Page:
ellaslist Visits Elizabeth Farm
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By: Natalie Bellamy, ellaslist explorer
ellaslist explorer Natalie and her family took a step back in time by visiting Australia’s oldest colonial house; Elizabeth Farm, 23kms west of Sydney’s CBD. Find out how they got on…
An Important Piece of Australian History
This magnificent homestead was built in 1793 by wool pioneers, John and Elizabeth Macarthur and is the oldest surviving European building in Australia. The Macarthur family are famously recognised for establishing the Australian wool industry by breeding merinos for their fine wool.
Macarthur was an officer in the New South Wales Corps and in 1793 was granted 100 acres of land at Rose Hill (where Elizabeth Farm now is). In 1794 he was granted a further 100 acres because he was the first man to clear and cultivate 50 acres of land. He named the property Elizabeth Farm in honour of his wife.
A ‘No Worries’ Child Friendly Museum
I was keen to explore this rich piece of history but, nervous is probably the right word to describe how I was feeling heading to a museum with two active young boys. As we entered Elizabeth Farm, I was prepared to say a lot of phrases like “Don’t touch that” “Don’t go in there.”
When we walked in, a wave of relief came over me – this museum is completely child friendly. There were no rope barriers, or screens, locked doors, delicate furnishings or untouchable ornaments. The museum is hands-on which really adds to a positive experience. Whilst the home is not authentically furnished like it would’ve been in the Macarthur’s day, it still creates an ‘olden day’ feel.
We all wandered freely throughout the house, pulling up a chair beside the warmth of the fireplace, pretending to write a letter with a quill pen, whilst imagining what life was like in 1793!
A Tour Into The Macarthur world
As we stepped back in time we left behind our world of electronic devices, washing machines and cars and entered the world of John and Elizabeth Macarthur.
Throughout the school holidays, Elizabeth Farm runs family friendly tours. Our tour guide was fantastic at engaging the children, providing them with relevant information which kept them interested and intrigued throughout the whole tour.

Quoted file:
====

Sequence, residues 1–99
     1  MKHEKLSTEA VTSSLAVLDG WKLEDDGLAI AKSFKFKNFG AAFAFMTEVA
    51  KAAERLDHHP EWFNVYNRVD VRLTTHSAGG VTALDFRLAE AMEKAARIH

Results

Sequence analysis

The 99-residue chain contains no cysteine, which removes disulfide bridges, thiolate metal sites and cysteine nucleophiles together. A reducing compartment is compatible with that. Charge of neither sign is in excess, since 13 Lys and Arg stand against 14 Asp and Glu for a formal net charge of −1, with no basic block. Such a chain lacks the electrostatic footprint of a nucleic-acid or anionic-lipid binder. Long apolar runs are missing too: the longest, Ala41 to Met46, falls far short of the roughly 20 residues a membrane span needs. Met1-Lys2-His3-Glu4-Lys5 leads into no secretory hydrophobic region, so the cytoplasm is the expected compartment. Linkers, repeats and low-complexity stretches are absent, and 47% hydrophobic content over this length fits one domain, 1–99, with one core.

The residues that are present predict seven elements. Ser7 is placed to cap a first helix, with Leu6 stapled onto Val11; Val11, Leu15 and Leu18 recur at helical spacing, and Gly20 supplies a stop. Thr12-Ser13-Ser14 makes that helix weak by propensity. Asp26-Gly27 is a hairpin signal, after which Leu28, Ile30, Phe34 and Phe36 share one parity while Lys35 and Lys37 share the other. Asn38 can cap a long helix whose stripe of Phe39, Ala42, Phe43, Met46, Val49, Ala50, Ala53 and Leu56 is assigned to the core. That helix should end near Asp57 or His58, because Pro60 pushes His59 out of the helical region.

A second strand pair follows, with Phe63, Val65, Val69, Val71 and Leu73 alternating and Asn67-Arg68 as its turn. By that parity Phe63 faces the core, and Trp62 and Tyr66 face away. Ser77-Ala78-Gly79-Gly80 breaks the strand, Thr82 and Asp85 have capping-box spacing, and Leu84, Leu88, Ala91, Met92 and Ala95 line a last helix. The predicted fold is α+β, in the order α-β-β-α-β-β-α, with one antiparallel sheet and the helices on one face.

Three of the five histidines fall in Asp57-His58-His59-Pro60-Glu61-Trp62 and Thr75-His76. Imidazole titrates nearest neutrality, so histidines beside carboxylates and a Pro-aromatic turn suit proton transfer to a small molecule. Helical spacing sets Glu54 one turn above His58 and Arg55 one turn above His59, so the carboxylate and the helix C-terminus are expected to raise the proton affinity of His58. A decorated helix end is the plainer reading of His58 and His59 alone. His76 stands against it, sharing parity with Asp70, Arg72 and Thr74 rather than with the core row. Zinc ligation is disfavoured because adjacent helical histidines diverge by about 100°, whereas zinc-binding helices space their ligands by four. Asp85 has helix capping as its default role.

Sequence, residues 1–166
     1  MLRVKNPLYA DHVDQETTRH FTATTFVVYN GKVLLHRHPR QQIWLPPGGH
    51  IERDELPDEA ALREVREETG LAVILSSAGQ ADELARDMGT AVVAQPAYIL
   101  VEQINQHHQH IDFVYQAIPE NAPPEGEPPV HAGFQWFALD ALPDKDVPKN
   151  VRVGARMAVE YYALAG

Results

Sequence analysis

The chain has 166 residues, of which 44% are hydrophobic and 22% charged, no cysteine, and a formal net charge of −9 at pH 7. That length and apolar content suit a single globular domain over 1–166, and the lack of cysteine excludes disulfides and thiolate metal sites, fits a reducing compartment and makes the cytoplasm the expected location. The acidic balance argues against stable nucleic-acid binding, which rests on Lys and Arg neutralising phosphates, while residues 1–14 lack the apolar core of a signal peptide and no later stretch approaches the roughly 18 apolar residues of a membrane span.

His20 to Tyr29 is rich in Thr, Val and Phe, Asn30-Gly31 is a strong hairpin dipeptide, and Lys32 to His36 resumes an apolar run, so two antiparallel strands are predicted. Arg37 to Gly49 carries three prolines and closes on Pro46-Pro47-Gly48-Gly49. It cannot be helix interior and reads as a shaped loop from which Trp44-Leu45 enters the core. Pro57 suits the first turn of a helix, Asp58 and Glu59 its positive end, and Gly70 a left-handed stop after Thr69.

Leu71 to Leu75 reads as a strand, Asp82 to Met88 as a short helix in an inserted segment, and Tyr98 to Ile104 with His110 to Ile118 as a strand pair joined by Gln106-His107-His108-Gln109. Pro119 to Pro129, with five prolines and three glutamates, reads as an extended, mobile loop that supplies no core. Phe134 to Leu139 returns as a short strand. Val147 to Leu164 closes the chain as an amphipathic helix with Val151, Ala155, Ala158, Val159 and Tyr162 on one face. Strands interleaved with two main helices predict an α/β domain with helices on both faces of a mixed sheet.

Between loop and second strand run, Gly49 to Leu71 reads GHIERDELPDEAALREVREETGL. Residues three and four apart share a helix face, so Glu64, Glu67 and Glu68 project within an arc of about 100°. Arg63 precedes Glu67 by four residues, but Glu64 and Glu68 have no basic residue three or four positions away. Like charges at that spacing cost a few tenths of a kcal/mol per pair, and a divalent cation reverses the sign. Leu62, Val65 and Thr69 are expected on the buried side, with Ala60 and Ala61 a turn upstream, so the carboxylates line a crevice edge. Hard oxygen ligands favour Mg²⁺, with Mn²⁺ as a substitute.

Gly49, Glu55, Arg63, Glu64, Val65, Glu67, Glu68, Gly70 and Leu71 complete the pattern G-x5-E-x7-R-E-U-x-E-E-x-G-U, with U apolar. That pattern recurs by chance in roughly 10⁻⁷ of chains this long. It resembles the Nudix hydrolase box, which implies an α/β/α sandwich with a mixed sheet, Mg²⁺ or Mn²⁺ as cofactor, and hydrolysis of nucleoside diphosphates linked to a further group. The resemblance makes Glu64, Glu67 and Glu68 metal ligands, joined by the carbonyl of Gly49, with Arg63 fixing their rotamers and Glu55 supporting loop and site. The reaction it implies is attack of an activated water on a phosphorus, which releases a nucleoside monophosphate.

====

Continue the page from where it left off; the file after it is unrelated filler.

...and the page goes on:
On the tour we all really felt a part of the past. Mr 5 loved grinding peppercorns with a mortar and pestle, smelling the variety of herbs from the gorgeous vegetable patch and learning traditional games in the garden.
After the tour had finished we were left to roam the beautifully manicured gardens surrounding the homestead.
Highlights for the Kids
- Washing the clothes on a washboard with soap. (I still don’t think he can believe that there was no such thing as a washing machine back then).
- Learning to play traditional games such as quoits in the beautiful gardens.
- Pretending he was one of Macarthur’s servants by cleaning the carpet rug with a rug beater.
Highlights for the Adults
- I loved how interactive the museum is and that I didn’t have to worry about the kids breaking anything.
- Knowing that the boys were really thinking about their past and experiencing it.
- Delicious Devonshire tea at the tearooms onsite.
ellaslist’s Top Tips
- Location – 70 Alice Street, Rosehill (near Parramatta) there is plenty of street parking.
- Opening hours – Wednesday- Sunday 10am- 4pm and open daily in the school holidays
- Access – Around the homestead and in parts of the home is wheelchair and pram accessible however there is quite a lot of uneven ground around the homestead. Wheelchairs and prams are unable to access the kitchen and the cellar due to the stairs.
- Admission prices – Adults- $8, Child/Conc- $4, Family- $17
- Feeling Hungry? Relax in the Elizabeth Farm tearooms which serve light meals and refreshments. Open- Saturday and Sunday 10am- 4pm and daily during school holidays
- The name suggests a ‘farm’ however there are no animals here.
- Allow yourself 1-2 hours to truly appreciate this little piece of Sydney’s history.
- Elizabeth Farm is bets suited for children 5 years and up.